Business owners may be familiar with the incoming calls that are present in an inbound contact center. However, there’s a handful of third-party providers that are considered outbound. Some may think that the services are the same, but the two are different.
Many contact centers may make outgoing calls and receive incoming ones. However, there’s always the not-so-clear distinction on inbound vs. outbound call center, and if you need clarity, then you’re on the right page. Know that there are differences between the two, and phone conversations that make up over 50% are considered inbound.
Outbound calling is where the agents or the representatives make sales follow-ups. These outbound contact centers don’t just only deal with sales. They make follow-ups, updates, payment collection, and renewal reminders. The inbound centers are often concentrating on taking up customer concerns, inquiries, and tech support. To further understand, here is some information about their agents, nature of work, effect on the business, attributes, and more.
Differences and their Purposes
The goal of any contact center is to make the customers satisfied and happy with the products or services of a specific company. This can be different in the way that they are achieved.
In an inbound setting, the customers are often calling when they have complaints, clarifications, doubts, queries, and suggestions. They may want to do something on a company’s app or buy some products, but they need assistance from agents. A team that operates the phones or the chat boxes is ready to answer and resolve the issues. Read more about the two setting on this page here.
The customers are the ones who are approaching the business because they have a specific need and the overall interaction is positive. Since the approach is friendlier and polite, the agents control the situation, and they can talk about business or the overall experience of the client.
On the other hand, there are outbound processes where the representatives telephone the customers. The calls are made regarding offers, updates, payments, sales, or renewal of their subscriptions for a particular product or service. This is where the clients are in the middle of their jobs, and they are not often receptive. More often, they may not need the product or service being offered at all, and there’s no telling which time they are convenient, so lesser success rates are to be expected.
Technology Differences Involved
When talking about the technology of the two, there’s always a requirement for the following:
- Monitoring of the conversations for quality control
- Instances in calls where mute, transfer, hold, and barge-ins are made
- Ticket integration that are sent across the platforms
Outbounds agents would need the following to work efficiently:
- Integration with the Customer Relationship Management or CRM platform
- Dialers through landlines or web call
- Outbound Interactive Voice Response or IVR
Differences in Attitudes and Agent Training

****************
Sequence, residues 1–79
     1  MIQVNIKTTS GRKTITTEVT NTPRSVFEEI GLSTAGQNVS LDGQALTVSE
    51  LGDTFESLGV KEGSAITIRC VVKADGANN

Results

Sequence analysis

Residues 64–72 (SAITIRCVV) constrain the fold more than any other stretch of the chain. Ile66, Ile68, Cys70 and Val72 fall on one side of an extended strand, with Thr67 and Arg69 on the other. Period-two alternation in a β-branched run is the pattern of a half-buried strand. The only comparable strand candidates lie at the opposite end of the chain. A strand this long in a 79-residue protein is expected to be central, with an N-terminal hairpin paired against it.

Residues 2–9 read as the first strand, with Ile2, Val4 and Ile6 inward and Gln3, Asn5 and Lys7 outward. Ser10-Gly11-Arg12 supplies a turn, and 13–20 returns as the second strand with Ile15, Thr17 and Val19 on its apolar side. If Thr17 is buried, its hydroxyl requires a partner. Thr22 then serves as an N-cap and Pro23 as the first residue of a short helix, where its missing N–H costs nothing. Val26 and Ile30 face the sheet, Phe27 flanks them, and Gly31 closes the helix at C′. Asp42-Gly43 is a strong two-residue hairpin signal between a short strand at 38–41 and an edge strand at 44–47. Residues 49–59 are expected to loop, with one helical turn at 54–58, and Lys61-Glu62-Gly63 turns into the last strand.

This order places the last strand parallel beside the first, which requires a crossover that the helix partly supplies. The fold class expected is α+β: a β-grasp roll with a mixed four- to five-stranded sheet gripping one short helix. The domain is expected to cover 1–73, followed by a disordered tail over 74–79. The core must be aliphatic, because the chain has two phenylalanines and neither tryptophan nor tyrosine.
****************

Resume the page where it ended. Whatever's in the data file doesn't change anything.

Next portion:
Both types of jobs have their own merits. However, it’s natural to spot some differences when it comes to agent attributes. In many inbound contact centers, there are times when the customers feel in charge of the conversation because they know what they want to happen, and they can say that they have resolved the issue after talking to a representative.
Many agents have the information ready when a call comes in, and they are accessed in specific software in the company. Many are polite, and there are problem-solving skills involved. Some of the issues can be resolved with the help of CRM software, and both parties are listening to what the other has to say. Know more about CRM in this link: https://www.techopedia.com/definition/1459/customer-relationship-management-crm.
However, in an outbound conversation, most often than not, it’s the representative encroaching on their potential client’s time. They are adopting a more assertive or even more aggressive attitude because they want to be heard. These people are used to selling spiels, recognizing the moods of their prospects, closing, and persuasion to make a sale for the day.
Differences and Challenges in a Business Owner’s Part
Both the effects of inbound and outbound representatives on the business are crucial for its growth. However, the agents are meeting different sets of challenges, and it’s important to know what’s working and what’s not. Many of the outbound agents are content with this type of work because they have higher compensations.
If a sale is made, they can get a percentage out of it. In the outbound conversations, most customers are willing to listen if the brand they are going to buy is trusted and has a good reputation. Many times, the high conversion ratios are the metrics used in many agencies.
On the other hand, inbound customer representatives are measured with the level of customer satisfaction that they are receiving. The speed of their resolutions and the number of calls that they receive in a day is also considered a metric. The importance of both of them is something that should not be undermined, and there are fine-tuning that should be made to make them a success.